By ending a false dichotomy between what is presently permitted or forbidden, the FDA is creating a bigger opportunity than it seems to realise: to focus policy on a real dichotomy between drugs that are cumulatively harmful and those that are more immediately dangerous.  Unlike alcohol, cigarettes seem to turn almost all users into addicts, and to be bad for their health at any dose.  Some drugs, such as heroin, can be even more addictive, and more reliably lethal; their distribution would need to be closely controlled even if they were legalised.  But others (marijuana) are less damaging, if they are harmful at all, and are nonetheless illegal.  If the current debate helps governments to base their policies on the real risk to health, not on past legal convention, a big advance will have been made.

Infusions into the mesolimbic system of tiny amounts of chemicals that block the binding of nicotine to its receptors cures rats of their nicotine addiction.  Why can't they do that with people?  (Especially one-lunged people.)

In USA Today Wednesday 8 November 2000 in an article entitled "Nicotine Seems to Snuff a Section of Brain" I read the following:

The nicotine that hooks people to cigarettes may also lead to degeneration in a region of the brain that affects emotional control, sexual arousal, REM sleep and seizures, UCLA neuroscientists report.  The part of the brain affected is called the fasciculus retroflexus, which has two halves.  In previous research, UCLA neuroscientist Gaylord Ellison and colleagues showed that amphetamines, cocaine, Ecstasy and other addictive drugs damage one half of the fasciculus retroflexus.  Now Ellison's team reports that nicotine causes degeneration in the other half.  They further report that drugs that damage one half of the fasciculus retroflexus do not damage the half that nicotine affects.  "Nicotine causes the most selective degeneration in the brain that I have ever seen," Ellison says.

The Tobacco Additives that Keep You Hooked

by Rosie Waterhouse

Additives in cigarettes may make some brands far more addictive than others, according to research.  For the first time, scientists have measured the amount of super-addictive "freebase" nicotine cigarettes deliver to the smoker.  Like crack cocaine, freebase nicotine vaporises and passes rapidly through the lungs into the bloodstream.  Because it reaches the brain so quickly it is thought to be more addictive than normal nicotine.  The research, by a team at Oregon Health and Science University in Portland, could lead to ways of rating the addictiveness of different brands.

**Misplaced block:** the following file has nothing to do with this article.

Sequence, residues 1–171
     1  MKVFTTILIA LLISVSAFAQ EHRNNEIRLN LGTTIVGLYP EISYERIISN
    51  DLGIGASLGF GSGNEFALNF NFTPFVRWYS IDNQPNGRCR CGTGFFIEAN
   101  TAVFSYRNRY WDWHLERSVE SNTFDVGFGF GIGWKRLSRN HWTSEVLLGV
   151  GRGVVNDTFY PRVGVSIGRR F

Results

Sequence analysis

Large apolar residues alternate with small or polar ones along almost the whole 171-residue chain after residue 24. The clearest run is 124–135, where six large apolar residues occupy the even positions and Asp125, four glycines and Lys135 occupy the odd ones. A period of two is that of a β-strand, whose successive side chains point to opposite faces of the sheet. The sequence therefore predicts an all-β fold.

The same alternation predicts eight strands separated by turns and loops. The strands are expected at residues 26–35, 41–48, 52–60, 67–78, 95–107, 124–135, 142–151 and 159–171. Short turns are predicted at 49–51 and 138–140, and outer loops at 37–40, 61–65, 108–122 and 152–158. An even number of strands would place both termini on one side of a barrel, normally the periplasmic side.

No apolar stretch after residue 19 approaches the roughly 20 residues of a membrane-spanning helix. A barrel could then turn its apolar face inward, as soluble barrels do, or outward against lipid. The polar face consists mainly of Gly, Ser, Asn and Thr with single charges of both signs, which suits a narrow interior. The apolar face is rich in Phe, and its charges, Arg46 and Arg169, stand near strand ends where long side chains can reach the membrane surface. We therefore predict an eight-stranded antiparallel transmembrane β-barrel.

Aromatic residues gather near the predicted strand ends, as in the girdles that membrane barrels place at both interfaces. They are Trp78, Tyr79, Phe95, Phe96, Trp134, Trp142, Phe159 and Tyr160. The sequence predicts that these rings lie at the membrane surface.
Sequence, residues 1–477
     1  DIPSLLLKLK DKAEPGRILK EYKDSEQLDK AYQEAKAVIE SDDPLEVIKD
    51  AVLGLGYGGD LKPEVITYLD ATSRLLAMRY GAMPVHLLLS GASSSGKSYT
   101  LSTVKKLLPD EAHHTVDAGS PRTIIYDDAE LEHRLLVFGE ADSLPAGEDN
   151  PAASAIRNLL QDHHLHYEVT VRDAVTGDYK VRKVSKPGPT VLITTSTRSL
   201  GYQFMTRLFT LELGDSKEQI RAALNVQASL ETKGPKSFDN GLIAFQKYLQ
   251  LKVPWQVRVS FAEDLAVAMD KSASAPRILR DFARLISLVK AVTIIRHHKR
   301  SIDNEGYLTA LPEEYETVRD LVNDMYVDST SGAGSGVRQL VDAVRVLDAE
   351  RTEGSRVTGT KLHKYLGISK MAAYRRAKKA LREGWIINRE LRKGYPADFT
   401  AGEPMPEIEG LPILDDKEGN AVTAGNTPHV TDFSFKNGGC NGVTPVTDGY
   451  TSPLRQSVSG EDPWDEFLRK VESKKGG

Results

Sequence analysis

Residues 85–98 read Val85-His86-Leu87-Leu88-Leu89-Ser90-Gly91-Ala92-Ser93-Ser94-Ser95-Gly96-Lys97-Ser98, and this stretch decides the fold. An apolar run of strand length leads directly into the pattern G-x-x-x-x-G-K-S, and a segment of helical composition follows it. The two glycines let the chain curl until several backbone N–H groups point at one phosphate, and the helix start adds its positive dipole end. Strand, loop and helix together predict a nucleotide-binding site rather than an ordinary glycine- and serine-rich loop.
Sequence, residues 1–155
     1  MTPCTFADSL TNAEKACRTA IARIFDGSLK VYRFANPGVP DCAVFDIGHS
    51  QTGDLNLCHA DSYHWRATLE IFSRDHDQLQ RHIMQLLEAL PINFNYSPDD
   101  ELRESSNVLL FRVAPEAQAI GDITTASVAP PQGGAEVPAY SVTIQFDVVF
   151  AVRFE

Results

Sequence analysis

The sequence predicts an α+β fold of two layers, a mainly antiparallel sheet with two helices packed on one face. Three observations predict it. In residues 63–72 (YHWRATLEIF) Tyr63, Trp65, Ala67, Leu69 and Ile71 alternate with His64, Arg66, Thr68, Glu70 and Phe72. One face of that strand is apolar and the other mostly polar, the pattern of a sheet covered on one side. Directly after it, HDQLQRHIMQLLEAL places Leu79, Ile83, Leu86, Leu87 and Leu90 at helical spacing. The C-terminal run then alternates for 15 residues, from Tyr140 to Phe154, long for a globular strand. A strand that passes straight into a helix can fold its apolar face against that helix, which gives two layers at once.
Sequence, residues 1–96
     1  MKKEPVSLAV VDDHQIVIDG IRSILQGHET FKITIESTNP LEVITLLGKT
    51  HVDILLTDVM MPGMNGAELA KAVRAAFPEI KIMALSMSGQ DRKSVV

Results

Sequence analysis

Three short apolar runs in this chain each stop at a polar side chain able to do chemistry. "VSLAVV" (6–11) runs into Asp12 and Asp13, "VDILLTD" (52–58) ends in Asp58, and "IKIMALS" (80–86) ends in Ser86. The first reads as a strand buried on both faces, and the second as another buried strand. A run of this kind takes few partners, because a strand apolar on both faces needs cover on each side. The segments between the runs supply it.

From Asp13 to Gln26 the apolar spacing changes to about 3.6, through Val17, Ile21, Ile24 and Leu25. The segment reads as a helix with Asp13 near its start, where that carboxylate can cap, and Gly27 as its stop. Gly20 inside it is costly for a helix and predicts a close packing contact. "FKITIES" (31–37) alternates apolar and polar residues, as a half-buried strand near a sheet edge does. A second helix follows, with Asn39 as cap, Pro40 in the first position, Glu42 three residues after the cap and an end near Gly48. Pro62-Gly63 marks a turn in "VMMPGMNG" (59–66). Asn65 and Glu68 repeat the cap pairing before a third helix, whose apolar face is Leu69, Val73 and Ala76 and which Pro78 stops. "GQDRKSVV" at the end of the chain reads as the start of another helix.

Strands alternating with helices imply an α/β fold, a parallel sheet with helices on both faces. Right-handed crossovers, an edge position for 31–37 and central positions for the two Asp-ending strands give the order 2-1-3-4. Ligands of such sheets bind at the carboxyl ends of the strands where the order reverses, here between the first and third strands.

Scientists compared 11 brands available in America.  They found that some contained 10 to 20 times higher percentages of freebase nicotine than experts had previously believed.  Brands were compared with a laboratory "reference" cigarette containing 1% freebase nicotine.  They varied greatly, ranging from 1% or 2% to 36% for a specialty US brand called American Spirit.  Marlboro contained up to 9.6% freebase nicotine.  Other well known brands included Camel (2.7%), Winston (5% to 6.2%) and Gauloises Blondes (5.7% to 7.5%).

Professor James Pankow, who led the study, reported in the journal Chemical Research in Toxicology, said: "During smoking, only the freebase form can volatise from a particle into the air in the respiratory tract.  Since scientists have shown that a drug becomes more addictive when it is delivered to the brain more rapidly, freebase nicotine levels in cigarette smoke thus are at the heart of the controversy regarding the tobacco industry's use of additives like ammonia and urea, as well as blending choices in cigarette design."

A 1997 study led by Prof Pankow linked ammonia additives with increased freebase nicotine levels in cigarettes.  He found that on its own, nicotine would not be very potent in the body but ammonia strips away protons from surrounding molecules including nicotine, making it more rapidly absorbed.  The 1997 research confirmed assertions made by the American Food and Drug Administration that widespread use of ammonia compounds in cigarettes manufacturing was evidence that the industry manipulated the delivery of nicotine in tobacco products.

Professor Jack Henningfield, from the Johns Hopkins University School of Medicine in Baltimore, Maryland, said: "It appears likely that ingredients used in modern cigarette manufacture, such as ammonia and urea, account for this addiction-enhancing effect."

Professor Pankow said that in the United States there were no formal tobacco industry or Food and Drug Administration guidelines on appropriate levels of freebase nicotine in cigarettes.  But the message from the industry was that cigarettes contained only small percentages of freebase nicotine.  Only additives on a permitted list from the Department of Health are allowed in cigarettes made in Britain.  A spokesman for the Tobacco Manufacturers' Association in the UK said: "Cigarettes manufactured here do abide by the permitted list and may be quite different from those in America."